Three Little Notes: The Danny Elfman Story

We’ve been zeroing on success stories recently. You know – those famous (and not so famous) people who came from nothing, so to speak, to reach the highest peaks of prominence in their respective fields.

One of the main truths we’ve uncovered, where success stories in the music business are concerned, is that opportunity comes in all shapes and sizes and can rush out to you at any moment. Music creators indulging in songwriting and lyric writing, for instance, have various ways to benefit from their creations if they manage to get their foot in the right doors.

For songwriter and composer, Danny Elfman, his big break came in the form of a three-note composition that lasted a grand total of five minutes, but which has kept paying him for close to 30 years now.

You’re probably aware of Elfman’s story if you’re a fan of the hit TV series, The Simpsons. But whether you’re familiar with it or not, it’s a story worth telling over and over again. At the very least, it is great inspiration for many aspirants out there who may want to create music for TV or film. Here’s a brief rundown of the story.

In 1989, Elfman was approached by filmmaker, Tim Burton, to write the opening musical score for The Simpsons. Elfman has gone on record saying that he got a retro vibe from the show’s opening sequence and felt inspired to write something reminiscent of The Flintstones. Well, as it turned out, Elfman wrote the piece in almost no time, recorded the songwriter demo at his home studio and the rest, as they say, is history.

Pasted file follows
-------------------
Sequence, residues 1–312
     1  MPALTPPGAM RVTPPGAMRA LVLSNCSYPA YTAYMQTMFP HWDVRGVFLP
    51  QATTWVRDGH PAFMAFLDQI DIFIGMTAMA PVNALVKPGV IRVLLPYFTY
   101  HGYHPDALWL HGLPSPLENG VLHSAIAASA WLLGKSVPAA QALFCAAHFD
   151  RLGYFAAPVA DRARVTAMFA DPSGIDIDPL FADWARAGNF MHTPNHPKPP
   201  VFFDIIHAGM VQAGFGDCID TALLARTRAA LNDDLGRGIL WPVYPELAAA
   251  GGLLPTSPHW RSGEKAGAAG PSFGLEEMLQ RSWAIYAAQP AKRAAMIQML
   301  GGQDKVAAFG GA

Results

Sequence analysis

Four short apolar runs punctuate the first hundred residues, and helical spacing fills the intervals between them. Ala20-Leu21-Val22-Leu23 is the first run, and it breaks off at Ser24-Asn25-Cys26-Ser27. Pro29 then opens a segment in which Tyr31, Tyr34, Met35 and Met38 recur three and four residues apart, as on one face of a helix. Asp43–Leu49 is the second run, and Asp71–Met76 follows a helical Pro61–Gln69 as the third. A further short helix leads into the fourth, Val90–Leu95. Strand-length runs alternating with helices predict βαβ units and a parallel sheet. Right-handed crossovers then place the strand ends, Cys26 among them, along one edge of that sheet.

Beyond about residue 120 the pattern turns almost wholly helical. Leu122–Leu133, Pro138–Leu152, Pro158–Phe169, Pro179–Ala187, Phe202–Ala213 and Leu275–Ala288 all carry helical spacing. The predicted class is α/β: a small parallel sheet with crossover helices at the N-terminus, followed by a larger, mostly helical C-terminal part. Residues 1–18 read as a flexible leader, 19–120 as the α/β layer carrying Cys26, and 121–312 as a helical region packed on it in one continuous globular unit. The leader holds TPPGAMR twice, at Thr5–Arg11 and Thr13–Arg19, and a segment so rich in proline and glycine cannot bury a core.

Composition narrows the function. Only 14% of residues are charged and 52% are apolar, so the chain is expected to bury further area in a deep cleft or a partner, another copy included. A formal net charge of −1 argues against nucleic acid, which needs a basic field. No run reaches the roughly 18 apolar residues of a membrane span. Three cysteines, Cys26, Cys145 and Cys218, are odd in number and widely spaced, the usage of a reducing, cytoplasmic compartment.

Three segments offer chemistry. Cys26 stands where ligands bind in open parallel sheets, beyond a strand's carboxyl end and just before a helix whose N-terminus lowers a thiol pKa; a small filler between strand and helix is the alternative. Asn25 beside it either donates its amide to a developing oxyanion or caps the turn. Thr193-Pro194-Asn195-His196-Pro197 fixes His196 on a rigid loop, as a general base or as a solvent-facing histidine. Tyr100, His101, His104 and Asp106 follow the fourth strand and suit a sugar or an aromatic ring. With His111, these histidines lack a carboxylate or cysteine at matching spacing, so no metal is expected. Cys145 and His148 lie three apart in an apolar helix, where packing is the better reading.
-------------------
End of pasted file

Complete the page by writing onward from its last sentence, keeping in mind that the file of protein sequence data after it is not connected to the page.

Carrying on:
With Season 29 of The Simpsons currently underway, the opening music, which is made up of a mere three syllables – “The Simp-sons” – continues to put money in Elfman’s pocket. The show has gone well past 500 episodes and allows Elfman to get royalties from each airing. Elfman has written music for Burton on many different projects before and after, but none have been more fruitful than that five-second jingle.

Songwriting to create music for TV shows and movies is big business and can turn out to be a lucrative avenue for the songwriter who is able to get a song of any size into a production. For Elfman, all it took was three little notes, for you it could mean something more complex. But one thing is certain, as long